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11 Good Movies to Watch on Hulu in August 2016

By  · Published on August 2nd, 2016

Mummies, Murphys, Murders, and a Marathon Man.

I’m here to tell you that there’s a cinematic streaming goldmine available on Hulu that includes recent hits, older classics, domestic releases, and foreign imports. It’s even home to hundreds of Criterion titles (for now). Sure there’s plenty of filler and seemingly thousands of titles I’ve never heard of before, but I’m here to recommend some good movies to watch this August on Hulu.

Pick of the Month: Tales from the Darkside – The Movie (1990)

Director John Harrison’s horror anthology doesn’t quite get the love it deserves, especially for a film featuring adaptations of stories by Stephen King, Michael McDowell, and Arthur Conan Doyle involving cats, gargoyles, and mummies. There are only three tales here, but all of them – as well as the Debbie Harry-starring wraparound – are solid segments. Add in some fun practical effects and a young Christian Slater, and you have an anthology film worth rediscovering.

Marathon Man (1976)

“Is it safe?” asks a Nazi dentist, and the entire world cringed. The ’70s offered up plenty of solid conspiracy thriller-type films (Three Days of the Condor, The Parallax View), but only one managed to add a phrase into the pop culture lexicon. Happily the film is more than just a popular quote though as Dustin Hoffman’s grad student finds himself stuck in a twisted tale involving covert government agents, murder, and diamond smuggling.

Beverly Hills Cop (1984)

Director Martin Brest had a good run between 1979 and 1992 with four terrific movies – Going in Style, Midnight Run, Scent of a Woman, and this comedy classic. (He then stumbled a bit with Meet Joe Black and Gigli and subsequently disappeared from the face of the planet.) It remains one of Eddie Murphy’s best and funniest features, and it’s always worth a re-watch.

Robocop (1987)

Forget the neutered reboot from a year ago, Paul Verhoeven’s late ’80s action/sci-fi gem remains a modern classic both for its genre credentials and its blackly-comic take-down of corporate America. Ridiculously violent, brutally funny, and filled glorious special effects this is tremendous entertainment from beginning to end.

Kalifornia (1993)

Brad Pitt plays a serial killer two years before he would hunt one in Seven, and while David Fincher’s film is far, far superior to this one there are still some minor thrills to be found here. He’s paired up against David Duchovny with both Michelle Forbes and Juliette Lewis along for the ride.

Species (1995)

An alien comes to earth, takes the form of a saucy female (Natasha Henstridge), and begins killing human men with sex. There are worse ways to go, but a motley crew of scientists and mercenaries including Michael Madsen, Ben Kingsley, Alfred Molina, and Forest Whitaker still decide she has to be stopped and set out to capture or kill her. It’s a rare action/sci-fi flick that earns its R-rating and entertains in the process.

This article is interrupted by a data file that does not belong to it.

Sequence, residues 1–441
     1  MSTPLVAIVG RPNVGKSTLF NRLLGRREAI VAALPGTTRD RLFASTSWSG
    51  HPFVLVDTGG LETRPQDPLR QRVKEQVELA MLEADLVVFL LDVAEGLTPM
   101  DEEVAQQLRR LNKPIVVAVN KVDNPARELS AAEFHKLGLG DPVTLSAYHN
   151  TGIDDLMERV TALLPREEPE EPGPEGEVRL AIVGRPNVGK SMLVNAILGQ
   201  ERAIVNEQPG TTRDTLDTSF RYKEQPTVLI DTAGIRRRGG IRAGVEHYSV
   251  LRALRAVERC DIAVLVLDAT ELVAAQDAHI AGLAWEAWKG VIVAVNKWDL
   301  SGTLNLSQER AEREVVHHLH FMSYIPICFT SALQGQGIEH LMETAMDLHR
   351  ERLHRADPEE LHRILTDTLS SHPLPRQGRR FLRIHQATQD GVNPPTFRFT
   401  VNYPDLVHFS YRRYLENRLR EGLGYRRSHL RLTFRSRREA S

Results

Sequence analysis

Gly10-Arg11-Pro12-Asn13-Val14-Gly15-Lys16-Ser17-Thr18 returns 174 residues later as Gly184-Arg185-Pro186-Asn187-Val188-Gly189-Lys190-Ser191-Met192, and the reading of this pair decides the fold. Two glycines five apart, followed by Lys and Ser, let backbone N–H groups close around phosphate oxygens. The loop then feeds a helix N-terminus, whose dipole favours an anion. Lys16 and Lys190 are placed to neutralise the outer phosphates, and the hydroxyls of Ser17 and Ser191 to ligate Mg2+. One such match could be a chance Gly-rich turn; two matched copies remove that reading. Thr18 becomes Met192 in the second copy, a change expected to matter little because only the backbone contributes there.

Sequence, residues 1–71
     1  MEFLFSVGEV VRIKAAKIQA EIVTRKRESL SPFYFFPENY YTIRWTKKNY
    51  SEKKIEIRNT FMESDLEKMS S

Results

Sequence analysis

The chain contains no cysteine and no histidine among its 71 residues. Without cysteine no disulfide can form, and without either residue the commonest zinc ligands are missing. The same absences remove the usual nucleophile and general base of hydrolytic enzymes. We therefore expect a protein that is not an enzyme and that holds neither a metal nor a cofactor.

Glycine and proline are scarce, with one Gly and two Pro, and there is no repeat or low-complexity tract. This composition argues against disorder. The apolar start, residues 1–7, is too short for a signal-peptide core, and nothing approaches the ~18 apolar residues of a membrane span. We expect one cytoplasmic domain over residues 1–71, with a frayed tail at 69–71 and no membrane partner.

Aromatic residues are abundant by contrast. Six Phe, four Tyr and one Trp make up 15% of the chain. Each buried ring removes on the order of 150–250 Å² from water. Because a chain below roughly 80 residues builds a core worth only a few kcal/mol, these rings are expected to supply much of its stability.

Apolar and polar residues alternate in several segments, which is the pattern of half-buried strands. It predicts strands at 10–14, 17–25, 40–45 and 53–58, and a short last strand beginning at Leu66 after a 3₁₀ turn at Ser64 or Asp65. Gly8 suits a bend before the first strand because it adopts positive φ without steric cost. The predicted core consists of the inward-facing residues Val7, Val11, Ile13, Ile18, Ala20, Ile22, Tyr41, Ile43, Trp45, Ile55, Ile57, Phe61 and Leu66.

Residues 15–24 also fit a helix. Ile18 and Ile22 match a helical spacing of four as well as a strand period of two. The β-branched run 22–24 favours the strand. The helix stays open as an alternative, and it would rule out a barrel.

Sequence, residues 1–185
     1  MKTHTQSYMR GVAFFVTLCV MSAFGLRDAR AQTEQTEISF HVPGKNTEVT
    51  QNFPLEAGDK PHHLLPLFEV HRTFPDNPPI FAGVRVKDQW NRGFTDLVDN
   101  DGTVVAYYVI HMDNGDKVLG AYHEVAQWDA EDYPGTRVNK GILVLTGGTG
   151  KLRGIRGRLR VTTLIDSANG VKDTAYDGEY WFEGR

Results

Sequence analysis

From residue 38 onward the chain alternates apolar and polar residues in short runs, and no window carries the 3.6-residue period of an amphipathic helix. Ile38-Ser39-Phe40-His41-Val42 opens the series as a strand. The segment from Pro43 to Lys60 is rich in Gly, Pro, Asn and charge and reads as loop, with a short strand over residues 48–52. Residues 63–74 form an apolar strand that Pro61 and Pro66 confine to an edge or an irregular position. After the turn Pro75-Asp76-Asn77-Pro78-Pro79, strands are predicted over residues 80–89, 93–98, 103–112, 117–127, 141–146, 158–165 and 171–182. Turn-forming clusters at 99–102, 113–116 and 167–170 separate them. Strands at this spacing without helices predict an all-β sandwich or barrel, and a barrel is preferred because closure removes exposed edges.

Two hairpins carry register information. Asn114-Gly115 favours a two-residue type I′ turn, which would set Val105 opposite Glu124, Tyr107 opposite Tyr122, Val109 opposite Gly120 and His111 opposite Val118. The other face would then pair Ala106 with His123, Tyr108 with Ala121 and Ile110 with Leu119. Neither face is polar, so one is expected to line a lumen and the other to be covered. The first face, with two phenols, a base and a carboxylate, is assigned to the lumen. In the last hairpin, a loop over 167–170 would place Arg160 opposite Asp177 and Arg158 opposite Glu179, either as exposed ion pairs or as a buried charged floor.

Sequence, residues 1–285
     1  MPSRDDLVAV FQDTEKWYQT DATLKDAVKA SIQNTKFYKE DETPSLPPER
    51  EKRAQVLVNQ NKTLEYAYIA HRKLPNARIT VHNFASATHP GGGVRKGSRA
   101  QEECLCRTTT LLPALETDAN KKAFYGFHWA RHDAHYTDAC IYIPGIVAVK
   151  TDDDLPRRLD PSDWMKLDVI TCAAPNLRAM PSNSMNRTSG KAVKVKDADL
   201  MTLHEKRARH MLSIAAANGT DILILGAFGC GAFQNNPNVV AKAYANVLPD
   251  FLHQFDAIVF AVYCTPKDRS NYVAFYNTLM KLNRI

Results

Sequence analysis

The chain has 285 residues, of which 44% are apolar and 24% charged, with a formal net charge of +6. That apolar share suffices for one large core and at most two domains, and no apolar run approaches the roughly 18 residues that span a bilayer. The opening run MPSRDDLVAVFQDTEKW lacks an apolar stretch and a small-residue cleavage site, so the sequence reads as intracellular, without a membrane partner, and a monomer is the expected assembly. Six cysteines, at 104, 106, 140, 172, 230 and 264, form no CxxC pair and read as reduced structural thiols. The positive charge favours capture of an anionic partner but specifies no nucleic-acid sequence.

The Usual Suspects (1995)

Everyone knows how this one ends, but dammit it’s still a fun, thrilling watch to see it all unfold. Writer Christopher McQuarrie is still going strong with directorial efforts like Jack Reacher and Mission: Impossible – Rogue Nation, but this was the film that got him noticed. His script, Bryan Singer’s direction, and a terrific cast take viewers on a twisty tale of cops, criminals, and deceptions.

Chasing Amy (1997)

Ah, Kevin Smith. He’s currently in something of a Canadian tailspin, but for a while there he could be counted on to deliver simple, humorous comedies highlighting his sharp ear for dialogue and banter. His third feature film caught some flack for its plot involving turning a lesbian straight, but that questionable hiccup aside it’s a funny film that actually finds some heart and romance amid the antics.

The Limey (1999)

Terrence Stamp plays a recently released ex-con who comes to America in search of those responsible for his daughter’s death, and what he finds is guilt over being a terrible father. Don’t worry, he finds some revenge too. Steven Soderbergh does something unique with the film’s flashbacks and uses scenes from Stamp’s 1967 film, Poor Cow, instead of casting a different actor. It adds a veil of reality to the film, and that in turn helps give drama and value to the father’s journey.

American Ultra (2015)

I’ll be damned if I can figure out how Max Landis keeps selling scripts, but more power to the guy I guess. The majority of his work – Me Him Her, Mr. Right, Victor Frankenstein – just lacks a certain… quality. This little action/comedy is no exception in the script department, but unlike those other films it succeeds anyway thanks to two great leads in Jesse Eisenberg and Kristen Stewart and director Nima Nourizadeh. They have terrific chemistry (Adventureland reunion!) and the action is presented with an energetic, fun style. *available 8/11*

Mission: Impossible – Rogue Nation (2015)

If you haven’t seen the latest entry in Tom Cruise’s increasingly fantastic franchise then here’s your chance to get up to speed. I’m still more partial to JJ Abrams’ third installment, but Brad Bird’s fourth and Christopher McQuarrie’s fifth are absolute aces too. The action is epic, the dialogue is hilarious, and Rebecca Ferguson is a kickass co-star alongside Cruise’s Ethan Hunt. *available 8/11*

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Rob Hunter has been writing for Film School Rejects since before you were born, which is weird seeing as he's so damn young. He's our Chief Film Critic and Associate Editor and lists 'Broadcast News' as his favorite film of all time. Feel free to say hi if you see him on Twitter @FakeRobHunter.